Computer Graphics World

September / October 2017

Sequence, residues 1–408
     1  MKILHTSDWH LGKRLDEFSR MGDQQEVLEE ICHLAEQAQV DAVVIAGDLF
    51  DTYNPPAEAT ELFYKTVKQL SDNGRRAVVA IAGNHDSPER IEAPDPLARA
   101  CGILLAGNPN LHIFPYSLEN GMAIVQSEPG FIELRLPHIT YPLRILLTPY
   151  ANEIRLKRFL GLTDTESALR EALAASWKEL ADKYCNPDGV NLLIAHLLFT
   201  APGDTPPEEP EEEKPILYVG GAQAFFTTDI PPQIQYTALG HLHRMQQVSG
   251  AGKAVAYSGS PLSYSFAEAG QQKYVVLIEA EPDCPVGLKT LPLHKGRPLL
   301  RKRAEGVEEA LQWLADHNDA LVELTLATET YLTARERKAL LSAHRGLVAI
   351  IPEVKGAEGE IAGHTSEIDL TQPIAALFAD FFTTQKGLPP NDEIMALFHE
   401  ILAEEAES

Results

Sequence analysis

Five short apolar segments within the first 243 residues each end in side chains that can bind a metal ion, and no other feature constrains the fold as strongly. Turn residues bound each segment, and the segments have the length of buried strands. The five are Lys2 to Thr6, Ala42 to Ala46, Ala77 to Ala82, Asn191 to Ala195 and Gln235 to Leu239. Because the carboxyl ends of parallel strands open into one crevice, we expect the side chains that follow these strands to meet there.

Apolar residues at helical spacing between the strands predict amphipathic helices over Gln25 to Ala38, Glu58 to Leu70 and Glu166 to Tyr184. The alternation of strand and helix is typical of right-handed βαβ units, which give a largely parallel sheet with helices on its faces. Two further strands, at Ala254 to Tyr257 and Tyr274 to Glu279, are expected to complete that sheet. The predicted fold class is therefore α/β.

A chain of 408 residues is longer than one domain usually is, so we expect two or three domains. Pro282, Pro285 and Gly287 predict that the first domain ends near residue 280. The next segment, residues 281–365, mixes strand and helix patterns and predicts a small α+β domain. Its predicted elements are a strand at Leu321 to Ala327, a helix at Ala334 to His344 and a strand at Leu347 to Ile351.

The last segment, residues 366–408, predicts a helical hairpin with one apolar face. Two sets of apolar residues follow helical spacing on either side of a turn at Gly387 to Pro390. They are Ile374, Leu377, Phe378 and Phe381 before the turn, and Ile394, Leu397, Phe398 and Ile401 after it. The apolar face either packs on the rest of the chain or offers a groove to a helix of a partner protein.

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s e p t e m b e r . o c t o b e r 2 0 1 7 c g w 5 S P O T L I G H T ADD-IN BOARD MARKET RISES The add-in graphics board market was outstanding in Q2 '17, increasing 30.9% sequentially and 34.9% year-to-year, according to Jon Peddie, president of industry research consulting firm Jon Peddie Research (JPR). The market shares for the desktop discrete GPU suppliers shied in the quarter, too. The GPU and PC market had been showing a return to normal seasonality. That pattern is typically flat to down in Q1, a significant drop in Q2 as OEMs and the channel deplete inventory before the summer months, a restocking with the latest products in Q3 in anticipation of the holiday season, and mild increase to flat change in Q4. All of that has been subject to an overall decline in the PC market since the great recession of '07 and the influx of tablets and smartphones. However, this year, Q2 AIB shipments were completely out of sync and remarkably high. In fact, this is the first time in over nine years that Q2 has seen an increase in shipments, and never one this dramatic. The big difference is the impact that cryptocurrency mining (es- pecially Ethereum) is having on the market. People are sending Bitcoins to each other over the Bitcoin net- work all the time, but unless someone keeps a record of all these transactions, no one would be able to keep track of who had paid what. The Bitcoin network deals with this by collecting all of the transactions made during a set period into a list, called a block. It's the miners' job to confirm those transactions and write them into a general ledger. They are paid for this work in like currency. Ethereum is designed to resist the development of Ethere- um-mining ASICs. Ethereum uses a different hashing algorithm to Bitcoin, which makes it incompatible with the special hashing hardware (ASICs) developed for Bitcoin mining. Ethereum's algorithm is known as Ethash. It's a memory-hard algorithm, meaning it's designed to resist the development of Ethereum-mining ASICs. Instead, Ethash is deliberately best suited to GPU mining. The PC add-in board (AIB) market now has just two chip (GPU) suppliers that also build and sell AIBs. The primary suppliers of GPUs are AMD and Nvidia. There are 48 AIB suppliers, the AIB OEM cus- tomers of the GPU suppliers, which they call "partners." In addition to privately branded AIBs that are offered world- wide, about a dozen PC suppliers offer AIBs as part of a system or as an option, and some that offer AIBs as separate aermarket products. JPR has been tracking AIB shipments quarterly since 1987 – the volume of those boards peaked in 1999, reaching 114 million units; in 2015, 44 million shipped. Since the introduction of the PC, which was in 1981, believe it or not, JPR estimates that 2.1 billion AIBs will have been shipped by the end of this year. And the inflation-adjusted value is $1.02 trillion dollars. The news for the quarter was encouraging and seasonally under- standable: Quarter-to-quarter, the AIB market increased 30.9% (compared to the desktop PC market, which decreased 18.2%). AIB shipments during the quarter increased from the last quarter by 30.9%, which is above the 10-year average of -9.8%. On a year- to-year basis, JPR found that total AIB shipments during the quarter rose 34.9%, and that is greater than desktop PCs, which fell 30.0%. E T H E R E U M M I N I N G T H E G A M E C H A N G E R In spite of the overall PC churn, somewhat due to tablets and em- bedded graphics, the Ethereum mining and PC gaming momentum continues to build and is the bright spot in the AIB market. The gaming PC (system) market is as vibrant as the stand- alone AIB market. All OEMs are investing in the gaming space because demand for gaming PCs is robust. Intel also validated this on its earnings call, along with the recent announcement of a new enthusiast CPU. However, it won't show in the overall market numbers because, like gaming GPUs, the gaming PCs are dwarfed by the general-purpose machines. JPR's research finds that global GPU market demand in Q2 '16 decreased from last quarter and decreased from last year, to 83.32 million units. In recent years, as the gaming ecosystem be- gins to shape up, soware and hardware developers, information service providers, and even governments have been attempting to unearth market opportunities coming from this new arena. However, global PC shipment volume is forecast to fall further.

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